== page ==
“Music and the Arts are the only hope for humanity”
— Linda Stonestreet
Linda Stonestreet is a multi-dimensional, interactive performer. Whether writing and delivering songs for a major motion picture, conducting free form improvisational works in the moment, collaborating as an actor on a collective performance piece or engaging in spiritual ritual work, Linda’s engaging presence shines through with sovereignty and in support of the groups she works in.
She is the founder of the Northern California Women’s Music festival. She is a 7-year initiate of the Andean, Tamang and Dagara traditions mentored by Marti Spiegelman. She is mentored also by Rhiannon and spent 2016 as part of the All The Way In singers. She is an author and has just finished her first book about the power of prayer in a cross-cultural world. With over 100 songs in her catalogue she has published 32 of them. Recently awarded an exclusive for one of her holiday tunes on 2016 Amazon Acoustic Christmas. She is donating all proceeds from her latest release Andean Elders to The non-profit Andean Research Institute in Peru.
With a huge spectrum of life experiences to draw on Linda considers music and the arts not just entertainment for the day but also the most vital source of inspiration, energy, connectivity and opportunity for wholeness that exists in modern culture. “It’s the only thread left which allows us access to our million-year old selves and truly connects us with the experience, power, knowledge and devotion of our hearts. Music and the arts are the only hope for humanity”. Born in the San Francisco bay area Linda began playing music at age 12 when she was part of an ensemble called “Little Chorus”. This public school group with music teacher Brian McKibben inspired and ignited her; shining a light on her genius that’s never gone off.
Sonoma County singer-songwriter Linda Stonestreet makes Amazon Music’s indie music playlist of Christmas tunes
THE PRESS DEMOCRAT | December 16, 2016
Singer-songwriter Linda Stonestreet began composing music while she was in junior high school. It became her passion, but she left home at age 16, dropped out of high school and life took her in directions that for decades relegated that love of music to a part-time, after-work gig.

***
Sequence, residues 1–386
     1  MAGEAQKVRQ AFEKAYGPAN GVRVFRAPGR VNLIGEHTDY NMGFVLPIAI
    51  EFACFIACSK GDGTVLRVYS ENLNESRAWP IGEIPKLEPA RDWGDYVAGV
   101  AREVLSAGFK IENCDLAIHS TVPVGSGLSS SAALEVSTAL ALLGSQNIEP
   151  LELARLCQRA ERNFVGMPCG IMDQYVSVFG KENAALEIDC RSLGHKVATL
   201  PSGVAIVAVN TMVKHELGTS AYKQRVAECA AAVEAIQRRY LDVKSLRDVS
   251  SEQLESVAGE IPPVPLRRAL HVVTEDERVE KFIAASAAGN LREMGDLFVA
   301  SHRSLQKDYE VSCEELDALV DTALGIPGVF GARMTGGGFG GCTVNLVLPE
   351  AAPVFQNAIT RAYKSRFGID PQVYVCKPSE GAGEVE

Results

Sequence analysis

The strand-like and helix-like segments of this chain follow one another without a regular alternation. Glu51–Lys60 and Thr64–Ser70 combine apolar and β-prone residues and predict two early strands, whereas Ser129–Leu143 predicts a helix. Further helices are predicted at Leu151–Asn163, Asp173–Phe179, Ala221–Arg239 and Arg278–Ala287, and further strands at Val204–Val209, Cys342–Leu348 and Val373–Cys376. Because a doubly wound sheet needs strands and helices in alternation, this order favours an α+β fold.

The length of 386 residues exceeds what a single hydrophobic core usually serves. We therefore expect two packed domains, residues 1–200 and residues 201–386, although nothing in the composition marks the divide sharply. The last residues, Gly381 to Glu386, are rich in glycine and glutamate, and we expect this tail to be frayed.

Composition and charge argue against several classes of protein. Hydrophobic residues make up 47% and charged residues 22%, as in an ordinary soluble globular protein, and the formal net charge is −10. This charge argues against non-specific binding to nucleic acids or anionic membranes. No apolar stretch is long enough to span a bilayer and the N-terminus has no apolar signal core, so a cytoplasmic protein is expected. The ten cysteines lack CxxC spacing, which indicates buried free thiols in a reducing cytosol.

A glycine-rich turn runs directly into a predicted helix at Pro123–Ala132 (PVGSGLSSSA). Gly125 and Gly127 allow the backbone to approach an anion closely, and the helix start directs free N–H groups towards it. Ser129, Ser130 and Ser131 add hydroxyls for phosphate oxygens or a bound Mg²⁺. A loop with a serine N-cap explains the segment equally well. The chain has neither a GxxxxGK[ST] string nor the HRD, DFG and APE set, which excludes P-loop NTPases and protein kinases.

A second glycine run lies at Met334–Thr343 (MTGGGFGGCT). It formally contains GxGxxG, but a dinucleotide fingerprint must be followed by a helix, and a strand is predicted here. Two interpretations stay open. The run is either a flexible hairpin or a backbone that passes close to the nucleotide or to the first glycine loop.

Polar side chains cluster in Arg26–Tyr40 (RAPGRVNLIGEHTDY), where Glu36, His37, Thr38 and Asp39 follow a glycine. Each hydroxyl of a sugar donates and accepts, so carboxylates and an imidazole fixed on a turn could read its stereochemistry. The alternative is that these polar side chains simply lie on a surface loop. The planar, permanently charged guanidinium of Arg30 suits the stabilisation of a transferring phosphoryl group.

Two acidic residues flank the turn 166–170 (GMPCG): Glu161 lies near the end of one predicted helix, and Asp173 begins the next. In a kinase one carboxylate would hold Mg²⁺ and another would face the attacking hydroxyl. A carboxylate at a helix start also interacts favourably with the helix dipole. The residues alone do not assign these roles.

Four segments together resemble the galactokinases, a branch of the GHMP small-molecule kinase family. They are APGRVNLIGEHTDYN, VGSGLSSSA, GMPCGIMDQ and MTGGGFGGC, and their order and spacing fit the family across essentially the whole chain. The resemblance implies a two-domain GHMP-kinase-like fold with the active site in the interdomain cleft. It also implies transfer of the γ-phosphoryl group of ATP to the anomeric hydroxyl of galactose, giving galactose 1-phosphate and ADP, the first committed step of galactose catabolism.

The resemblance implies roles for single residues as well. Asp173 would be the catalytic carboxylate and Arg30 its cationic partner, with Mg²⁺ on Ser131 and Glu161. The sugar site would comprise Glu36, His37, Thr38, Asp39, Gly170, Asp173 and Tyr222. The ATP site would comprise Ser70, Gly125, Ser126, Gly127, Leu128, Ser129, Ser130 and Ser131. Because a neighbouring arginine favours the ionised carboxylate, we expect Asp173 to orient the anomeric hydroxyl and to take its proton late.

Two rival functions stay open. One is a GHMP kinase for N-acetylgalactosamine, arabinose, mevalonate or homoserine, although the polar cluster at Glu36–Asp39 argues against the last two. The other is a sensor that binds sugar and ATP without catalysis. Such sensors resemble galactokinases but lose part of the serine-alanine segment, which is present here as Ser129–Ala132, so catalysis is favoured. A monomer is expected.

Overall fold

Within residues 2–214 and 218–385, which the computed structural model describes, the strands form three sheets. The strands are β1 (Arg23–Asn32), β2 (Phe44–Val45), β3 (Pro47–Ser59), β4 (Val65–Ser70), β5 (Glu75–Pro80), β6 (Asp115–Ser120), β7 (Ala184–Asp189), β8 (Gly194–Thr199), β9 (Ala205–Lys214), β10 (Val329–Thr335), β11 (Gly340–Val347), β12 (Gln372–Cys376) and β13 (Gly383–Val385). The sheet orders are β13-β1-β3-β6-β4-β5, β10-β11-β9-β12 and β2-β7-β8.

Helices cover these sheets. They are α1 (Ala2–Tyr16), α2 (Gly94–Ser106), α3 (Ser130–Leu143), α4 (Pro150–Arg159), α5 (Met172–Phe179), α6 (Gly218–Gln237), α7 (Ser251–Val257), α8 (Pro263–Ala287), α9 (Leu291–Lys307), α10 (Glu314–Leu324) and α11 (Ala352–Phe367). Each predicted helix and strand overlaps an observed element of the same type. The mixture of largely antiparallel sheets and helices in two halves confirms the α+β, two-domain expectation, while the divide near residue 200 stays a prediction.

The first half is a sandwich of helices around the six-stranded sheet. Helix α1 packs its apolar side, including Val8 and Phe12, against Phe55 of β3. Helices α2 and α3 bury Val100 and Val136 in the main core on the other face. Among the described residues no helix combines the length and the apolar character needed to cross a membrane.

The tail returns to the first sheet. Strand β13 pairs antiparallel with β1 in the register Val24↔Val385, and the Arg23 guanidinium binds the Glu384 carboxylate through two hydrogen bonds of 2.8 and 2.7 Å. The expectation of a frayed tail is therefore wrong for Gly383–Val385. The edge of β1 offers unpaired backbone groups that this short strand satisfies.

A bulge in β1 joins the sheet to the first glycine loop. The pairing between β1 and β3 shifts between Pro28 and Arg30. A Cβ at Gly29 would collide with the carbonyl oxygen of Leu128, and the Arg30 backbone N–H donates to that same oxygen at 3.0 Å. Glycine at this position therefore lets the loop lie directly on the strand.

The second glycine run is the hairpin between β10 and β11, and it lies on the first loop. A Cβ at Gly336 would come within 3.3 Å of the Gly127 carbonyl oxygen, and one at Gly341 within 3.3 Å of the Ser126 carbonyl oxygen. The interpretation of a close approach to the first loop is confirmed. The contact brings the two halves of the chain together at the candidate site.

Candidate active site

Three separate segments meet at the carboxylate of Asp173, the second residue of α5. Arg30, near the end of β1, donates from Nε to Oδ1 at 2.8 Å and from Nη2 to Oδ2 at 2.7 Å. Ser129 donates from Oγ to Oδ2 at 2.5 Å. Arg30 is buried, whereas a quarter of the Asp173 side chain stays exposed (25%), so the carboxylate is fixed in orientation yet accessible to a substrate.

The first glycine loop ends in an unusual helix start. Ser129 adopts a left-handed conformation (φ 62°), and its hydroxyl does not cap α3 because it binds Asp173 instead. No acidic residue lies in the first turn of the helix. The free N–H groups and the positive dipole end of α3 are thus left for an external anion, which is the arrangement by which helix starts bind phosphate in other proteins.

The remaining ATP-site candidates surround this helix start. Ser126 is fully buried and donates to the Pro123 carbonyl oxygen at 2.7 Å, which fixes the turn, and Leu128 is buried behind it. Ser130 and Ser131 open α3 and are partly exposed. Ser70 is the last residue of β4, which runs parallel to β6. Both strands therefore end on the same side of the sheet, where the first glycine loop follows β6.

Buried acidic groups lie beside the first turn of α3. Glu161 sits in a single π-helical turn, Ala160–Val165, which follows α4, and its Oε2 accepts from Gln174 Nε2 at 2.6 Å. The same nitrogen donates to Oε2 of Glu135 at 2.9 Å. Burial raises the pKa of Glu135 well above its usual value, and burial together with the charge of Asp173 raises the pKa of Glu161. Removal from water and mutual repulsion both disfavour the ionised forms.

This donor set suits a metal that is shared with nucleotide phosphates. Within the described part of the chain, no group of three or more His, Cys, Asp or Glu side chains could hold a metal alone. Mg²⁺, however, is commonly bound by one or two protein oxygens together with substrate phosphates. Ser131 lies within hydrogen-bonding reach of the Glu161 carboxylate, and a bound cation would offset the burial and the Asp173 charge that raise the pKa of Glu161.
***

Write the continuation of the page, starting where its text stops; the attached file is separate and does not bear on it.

“Life just takes you where it takes you,” said Stonestreet, who also plays acoustic and electric guitar. “I tried to be an artist as best I could but I was really afraid to be broke.”
Now 52 and retired since February, she’s busily making up for lost time, writing and performing locally and abroad, delving into acting and movie soundtracks and producing her third album.
“I’m fully dedicated to music now,” Stonestreet said.
Her newfound focus comes in time to take full advantage of what could be her big break. One of her songs, “Christmas Time,” is among 29 released late last month by Amazon Music on its original “Acoustic Christmas” song list.
“This is exposure she would not have been able to garner herself,” said Kristen Madsen, of Creative Sonoma, a county agency that promotes and nurtures local artists and was instrumental in convincing Amazon to this year include a Sonoma County musician on its holiday playlist of songs by independent artists.
The exposure also is beneficial to the Sonoma County art scene, which, despite a plethora of talent, is not yet as widely recognized as it deserves, she said.
Stonestreet was at a Creative Sonoma spring music event and industry conference when an Amazon representative made a pitch for Christmas songs. It turned out she already had one written, recorded and ready to go. It’s from her first, 2001 album, “Rose Colored Glasses.” The 15-song album was dedicated to her mother, who died in 1999.